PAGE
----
In love with Carolina againWednesday, October 20, 2021
BY KEVIN JACKSON
The Jamaica Observer's Entertainment Desk continues its month-long feature titled 'Cover Me Good'. It will look at songs covered by Jamaican artistes which became hits.
Eight years before Shaggy was born, The Folkes Brothers scored a ska hit in Jamaica with Oh Carolina, in 1960. In 1993, a cover of the groundbreaking song by Shaggy catapulted the New York-based deejay to international success.
“The idea to cover Oh Carolina really came from me hearing that old song from The Folkes Brothers and Prince Buster back in the day,” Shaggy told the Jamaica Observer.
“In Jamaica, as kids, we used to do Jamaican curses to it. It was really just a way to curse at the party during the song! So, when [American producer] Sting International played me the beat, the first thing in my mind was, 'how can I make this really rebellious song ,where I could get everybody to curse in Jamaican patois',” he explained.
Shaggy's version is produced by Sting International and was recorded at HCNF Studios in Long Island, New York.
Produced by Prince Buster, the original was recorded at Radio Jamaica Rediffusion (RJR) in 1958 with traditional drumming from members of Count Ossie and The Mystic Revelation of Rastafari.
It was released in 1960 on his Buster Wild Bells label. The following year it came out in the United Kingdom via Blue Beat Records.
Said Shaggy: “I knew that the song was a hit locally [in New York], but I didn't know it was going to be a massive international hit. Robert Livingston was the one that said he was going to chart this record, yet I didn't know what 'charting it' meant then! So, he licensed it to Greensleeves Records, who had major distribution through BMG, and they started to market and promote the record. They thought it was a dope and super catchy track.”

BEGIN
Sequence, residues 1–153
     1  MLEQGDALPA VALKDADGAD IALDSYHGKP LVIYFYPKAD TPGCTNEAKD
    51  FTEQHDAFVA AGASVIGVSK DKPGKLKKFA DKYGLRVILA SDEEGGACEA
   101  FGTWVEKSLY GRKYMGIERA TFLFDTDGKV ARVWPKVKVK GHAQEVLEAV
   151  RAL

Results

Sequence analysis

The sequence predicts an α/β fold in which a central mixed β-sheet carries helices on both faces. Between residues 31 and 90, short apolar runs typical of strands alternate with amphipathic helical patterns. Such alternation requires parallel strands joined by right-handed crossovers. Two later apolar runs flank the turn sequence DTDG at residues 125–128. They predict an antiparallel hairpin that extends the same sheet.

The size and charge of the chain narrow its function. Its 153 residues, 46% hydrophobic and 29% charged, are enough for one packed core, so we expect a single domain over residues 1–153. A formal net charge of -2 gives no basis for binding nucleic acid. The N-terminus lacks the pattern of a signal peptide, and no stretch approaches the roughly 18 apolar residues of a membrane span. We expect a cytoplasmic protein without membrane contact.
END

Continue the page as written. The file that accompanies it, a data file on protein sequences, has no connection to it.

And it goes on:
He continued, “I didn't realise that the pop world would receive it as this massive pop anthem. It was just a classic old tune that the DJs used to play and kids cursed at. When it took off internationally, I was on tour backing Maxi Priest, and I really didn't want to leave because I was having so much fun. But I had to go to England to promote it.
“I didn't know what to expect, because I had never been there before and everything was new to me. It was very exciting, but didn't really sink in until after that trip,” he recalled.
Oh Carolina sailed to number one in the United Kingdom. It also hit number 59 on the Billboard Hot 100 in the United States and number 43 on Billboard's Rap Songs Chart. The song entered the top five of charts in Australia, Austria, Belgium, Denmark, Finland, Germany, Greece, Ireland, The Netherlands, New Zealand, Norway, Sweden, and Switzerland.
Eventually, Oh Carolina was certified gold in the United Kingdom with sales of 400,000, Australia (35,000) and Germany (250,000).
“ Oh Carolina opened a lot of doors for me, because it was my first international number one, and it really introduced the world to Shaggy,” said the chart-topping artiste.
The Folkes Brothers (John, Mico and Junior) became household names in Jamaica following the success of Oh Carolina. It finished 1961 at number two on the RJR Top 100 Chart.
Yellowman (featured on his 1994 album Prayer) and South Korean pop group Roo'ra (1995) also recorded covers of Oh Carolina.